Toxic Shame by DAN JUSTER June 14, 2021
Recently I read a great book that describes building a truly loving community. The authors call it a “hesed” community using the Hebrew word that has been translated covenant love, steadfast love, loving-kindness and more.
The book is The Other Half of the Church by Michal Hendricks and Jim Wilder. They call their vision full brained Christianity and claim that Christianity in the West is too left-brained; rational, logical, and information-heavy. The left brain is important, but the intuitive and the quality of immediate response habits are built in the right brain, from depth of relationships and love. This is foundational to discipleship.
I am not a materialist so I would rather call this the other side of the soul or mind that is connected to these spheres of the brain. The relationship of the mind/soul to the brain is a deep philosophical issue that I cannot unpack here. Building upon the great books by Dallas Willard on discipleship, they argue that only a loving community with mutual correction, humility, and openness can disciple most people. It must be modeled by the leaders of the community. Their case is very strong. They put into new language something I have believed and taught now for more than 40 years.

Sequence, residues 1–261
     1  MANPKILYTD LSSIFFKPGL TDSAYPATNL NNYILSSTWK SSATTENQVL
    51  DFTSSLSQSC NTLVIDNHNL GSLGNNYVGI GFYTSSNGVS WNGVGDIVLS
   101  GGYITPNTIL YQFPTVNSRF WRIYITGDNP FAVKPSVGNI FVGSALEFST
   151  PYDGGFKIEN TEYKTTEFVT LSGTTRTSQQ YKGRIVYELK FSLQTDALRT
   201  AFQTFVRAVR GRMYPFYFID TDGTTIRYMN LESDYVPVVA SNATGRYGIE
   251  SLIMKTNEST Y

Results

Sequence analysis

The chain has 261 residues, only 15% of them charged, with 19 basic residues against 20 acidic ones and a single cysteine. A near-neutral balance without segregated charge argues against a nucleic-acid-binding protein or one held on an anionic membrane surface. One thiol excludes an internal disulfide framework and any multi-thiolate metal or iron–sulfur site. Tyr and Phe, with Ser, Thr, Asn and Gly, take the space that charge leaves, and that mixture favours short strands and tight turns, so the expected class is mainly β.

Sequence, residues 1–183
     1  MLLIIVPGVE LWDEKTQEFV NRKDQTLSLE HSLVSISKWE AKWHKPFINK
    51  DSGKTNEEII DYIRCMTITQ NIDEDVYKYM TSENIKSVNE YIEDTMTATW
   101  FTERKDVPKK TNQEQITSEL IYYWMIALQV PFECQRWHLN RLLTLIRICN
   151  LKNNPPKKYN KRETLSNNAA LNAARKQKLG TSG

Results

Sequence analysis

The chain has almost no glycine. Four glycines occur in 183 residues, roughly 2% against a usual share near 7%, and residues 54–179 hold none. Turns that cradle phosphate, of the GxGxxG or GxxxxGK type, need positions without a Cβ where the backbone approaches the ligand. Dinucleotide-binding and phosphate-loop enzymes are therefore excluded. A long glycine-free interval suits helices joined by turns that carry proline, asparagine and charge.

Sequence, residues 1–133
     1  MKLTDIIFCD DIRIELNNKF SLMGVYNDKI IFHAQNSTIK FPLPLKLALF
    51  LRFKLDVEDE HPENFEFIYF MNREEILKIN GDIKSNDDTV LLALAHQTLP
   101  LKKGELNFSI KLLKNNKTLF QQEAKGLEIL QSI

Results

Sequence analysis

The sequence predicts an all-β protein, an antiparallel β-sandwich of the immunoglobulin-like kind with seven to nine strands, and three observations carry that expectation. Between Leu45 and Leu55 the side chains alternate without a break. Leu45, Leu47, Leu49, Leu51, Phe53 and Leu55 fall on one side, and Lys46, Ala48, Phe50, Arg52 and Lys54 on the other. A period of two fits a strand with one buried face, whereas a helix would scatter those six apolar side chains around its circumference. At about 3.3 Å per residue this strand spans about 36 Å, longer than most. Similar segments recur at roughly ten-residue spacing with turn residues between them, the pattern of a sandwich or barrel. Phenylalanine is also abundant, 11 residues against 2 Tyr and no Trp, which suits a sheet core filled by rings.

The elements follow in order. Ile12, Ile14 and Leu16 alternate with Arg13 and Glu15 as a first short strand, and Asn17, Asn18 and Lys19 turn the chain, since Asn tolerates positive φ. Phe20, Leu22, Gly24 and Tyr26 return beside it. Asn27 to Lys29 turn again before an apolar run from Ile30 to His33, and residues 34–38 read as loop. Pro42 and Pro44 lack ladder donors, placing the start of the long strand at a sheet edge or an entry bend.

One of the more salient parts of the book is their development of the concept of shame. They distinguish between toxic shame and healthy shame. All sin carries a degree of shame, but God and healthy brothers and sisters meet us with restorative correction. They come alongside, not with an accusative you, but identification, showing the person that their behavior is not in line with the “we” of the community and the example and teaching of Yeshua. In this way, the person who sins does not slink away in isolation but repents in the context of restorative love. In such a community restoration and growth takes place. Shame is temporary in the context of love; deliverance takes place in repentance and forgiveness. Such a community requires loving, humble, and vulnerable leaders.
The authors contrast a healthy community to congregations led by dominant leaders who use toxic shame to cow others into submission and to remove themselves from correction, questioning, or challenge. Toxic shame leaders have a narcissistic part to their personality, not in the full psychiatric sense, but in a broader sense of meaning whereby self-centeredness and ego are too much a part of their personality and style of leadership. Such leaders can build large congregations or gatherings, but not quality community. These leaders, who do not live an open life, sometimes fall into serious sins. People are shocked, but if we would look at the narcissist aspect of such leaders, we would be less surprised.